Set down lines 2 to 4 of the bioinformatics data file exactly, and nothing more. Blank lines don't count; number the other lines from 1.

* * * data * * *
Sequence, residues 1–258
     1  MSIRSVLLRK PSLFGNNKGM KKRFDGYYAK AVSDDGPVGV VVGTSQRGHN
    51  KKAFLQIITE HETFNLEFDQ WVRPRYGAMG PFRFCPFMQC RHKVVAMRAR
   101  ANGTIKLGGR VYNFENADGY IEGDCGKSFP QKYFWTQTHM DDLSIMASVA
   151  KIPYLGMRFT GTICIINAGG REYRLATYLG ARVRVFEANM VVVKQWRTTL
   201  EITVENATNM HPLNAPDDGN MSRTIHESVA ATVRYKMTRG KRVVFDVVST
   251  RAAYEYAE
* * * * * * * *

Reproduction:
     1  MSIRSVLLRK PSLFGNNKGM KKRFDGYYAK AVSDDGPVGV VVGTSQRGHN
    51  KKAFLQIITE HETFNLEFDQ WVRPRYGAMG PFRFCPFMQC RHKVVAMRAR
   101  ANGTIKLGGR VYNFENADGY IEGDCGKSFP QKYFWTQTHM DDLSIMASVA